From Ezekiel Cheever
Springfield [Mass.] March 15th 1778
Most Hond Sir
Sunday the 8th Inst. I was hond with your Commands Janry 15th (after the Post was gone) In Obediance I herewith Transmit you a Return of all kind of Stores under my Care in this Place1 Previous to Your Orders aforesaid pursuant to those Signify’d to me by Genl Knox Feb. 24th to Send to Allenstown or Lebanon in pennsilvania 3,550 stands Arms with Bayonets also the gratest part of the Lead I have on hand I immediately directed the master of the Armoury2 to get fixed for Service all Such Arms as required the least labour, with a View to Send on one half the demand before this month expires The majr part of the Arms recd from Boston have been Wet & are exceedingly Rusty & otherways damaged and require much labour & Time to be made fit for Service. The Armoury Consists only of thirteen men which with Other Obstacles renders it Very difficult to answer any Sudden demands which gives me much Anxiety. I have sent on Some lead & Shall Continue to Send as the Quarter master Can procure Teams for the purpose to the amount of 20 or Twenty five Tons.
I have directed the master of the Armoury to Inlist more men if he Can find those will answer the purpose, as their is work Sufficent to employ Thirty or forty men. I have now in Readiness to Send on for Allentown 1,300 arms which will be put in Boxes to morrow with out fail, & as soon as Genl Heath furnishes me with a guard, & the quarter master can procure Teams I will send as many more Arms as Can be made fit for Service.3 Your Excellency may depend nothing Shall be wanting on my part to hasten every thing to Accomplish your demand. You are Pleased Sir in directing your letter to Style me Commissary Genl of Milatary Stores which gives me flattering hopes in your favour, your Excellency is fully Acquainted with my Services from the begining & the Small pay allowed me untill the last year, which altho’ generously designed, by reason of the unhappy depreciation of the Continental Currency makes but littell difference. Yet never abated my Zeal & sincere regard for the Glorious Cause we are Contending for & honest Aim to Approve my Self & Conduct to your Excellency & all my Superiour Officers Acceptance. If haply I may be Successful in attaining your Approbation I shall alwayes esteeme it The most Satisfactory & honorary reward, Ardently Wishing your Excellency the Divine Aid & protection in your laborious hazardous & important Services. I have the honr to be your Devoted most Obedient and Humble Servant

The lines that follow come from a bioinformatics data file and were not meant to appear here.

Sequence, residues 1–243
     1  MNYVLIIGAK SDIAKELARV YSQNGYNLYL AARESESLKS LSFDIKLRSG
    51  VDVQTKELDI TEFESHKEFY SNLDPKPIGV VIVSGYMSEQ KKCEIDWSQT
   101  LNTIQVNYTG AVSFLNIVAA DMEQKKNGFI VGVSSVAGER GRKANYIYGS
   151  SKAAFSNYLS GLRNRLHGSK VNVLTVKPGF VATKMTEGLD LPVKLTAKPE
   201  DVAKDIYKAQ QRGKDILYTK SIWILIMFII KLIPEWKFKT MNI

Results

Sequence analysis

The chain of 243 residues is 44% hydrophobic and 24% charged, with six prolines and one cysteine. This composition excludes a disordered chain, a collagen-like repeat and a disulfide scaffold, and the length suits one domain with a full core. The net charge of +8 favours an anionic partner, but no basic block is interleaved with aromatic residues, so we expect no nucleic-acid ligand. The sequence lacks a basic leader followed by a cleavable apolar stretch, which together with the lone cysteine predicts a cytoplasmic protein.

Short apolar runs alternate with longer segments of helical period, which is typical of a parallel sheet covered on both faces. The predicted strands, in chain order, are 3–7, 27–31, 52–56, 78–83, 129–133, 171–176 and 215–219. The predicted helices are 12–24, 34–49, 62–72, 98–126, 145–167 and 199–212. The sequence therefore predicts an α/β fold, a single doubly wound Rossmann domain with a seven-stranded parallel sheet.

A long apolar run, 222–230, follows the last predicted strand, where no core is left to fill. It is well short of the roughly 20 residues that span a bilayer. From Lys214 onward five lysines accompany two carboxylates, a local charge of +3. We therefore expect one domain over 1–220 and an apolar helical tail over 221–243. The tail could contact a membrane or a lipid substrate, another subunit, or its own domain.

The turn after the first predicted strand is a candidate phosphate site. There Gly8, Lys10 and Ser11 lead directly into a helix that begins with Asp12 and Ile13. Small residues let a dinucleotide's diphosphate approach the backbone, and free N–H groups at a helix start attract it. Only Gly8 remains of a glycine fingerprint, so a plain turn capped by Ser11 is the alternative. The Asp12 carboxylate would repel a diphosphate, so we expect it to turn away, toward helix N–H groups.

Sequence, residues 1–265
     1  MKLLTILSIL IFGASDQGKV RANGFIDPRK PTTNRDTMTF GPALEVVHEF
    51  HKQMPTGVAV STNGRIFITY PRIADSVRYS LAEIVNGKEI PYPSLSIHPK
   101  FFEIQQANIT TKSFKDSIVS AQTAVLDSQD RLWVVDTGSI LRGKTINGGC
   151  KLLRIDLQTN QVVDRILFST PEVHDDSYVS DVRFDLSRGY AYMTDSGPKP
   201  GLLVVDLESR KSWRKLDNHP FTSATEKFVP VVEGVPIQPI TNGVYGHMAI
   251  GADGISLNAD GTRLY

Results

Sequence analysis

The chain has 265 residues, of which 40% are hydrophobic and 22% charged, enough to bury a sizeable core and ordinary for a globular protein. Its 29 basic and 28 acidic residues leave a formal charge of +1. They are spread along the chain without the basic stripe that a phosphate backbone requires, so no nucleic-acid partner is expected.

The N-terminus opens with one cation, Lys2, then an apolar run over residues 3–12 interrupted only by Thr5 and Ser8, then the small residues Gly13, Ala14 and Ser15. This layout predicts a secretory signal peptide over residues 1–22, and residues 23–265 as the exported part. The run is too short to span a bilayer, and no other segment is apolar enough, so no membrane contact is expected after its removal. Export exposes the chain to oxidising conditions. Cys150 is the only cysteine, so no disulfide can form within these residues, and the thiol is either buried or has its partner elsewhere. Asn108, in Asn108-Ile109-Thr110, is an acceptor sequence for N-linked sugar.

Ezekl Cheever Co. Artilly
1. For GW’s letter to Cheever of 15 Jan., see GW to Henry Knox, 15 Jan., n.1. Cheever’s “Return of Ordnance Stores at Springfield made to his excellency Genl Washington,” dated 12 Mar., is a comprehensive summary of items in the armory, including 3,424 firearms listed as “Unserviseable.” Cheever further noted, “the Lead on hand is Supposed to Weigh about Twenty four ton, the 147 Chests of French Fire-Arms mentiond In this Return is Supposed to Contain 4,410 Arms With Bayonets. 1300 of the Same is fit for Imediate Use. the old Unservicable Arms Mentiond above. about one half perhaps May Ansr the Cost of Repairs” (DNA: RG 93, manuscript file no. 21091).
2. The master of the armory was Capt. William Barton of Col. Jeduthan Baldwin’s regiment of artillery artificers.
3. On 8 Mar., Cheever wrote Maj. Gen. William Heath that the armorers would “have 12 or 1,500 [arms] ready for Transportation in a Week or Ten Days” and requested a guard (MHi: Heath Papers). On 18 April, however, Cheever wrote the Board of War, “I was in hopes before this time to have sent on for Lebanon, the Arms & Ammunition ordered by his Excellency General Washington, signified to me by General Knox; but for want of Money, the Assist. Q. M. Genl, Pynchion, cannot obtain Teams” (DLC:GW). The arms were not forwarded until May (see Cheever to GW, 25 May).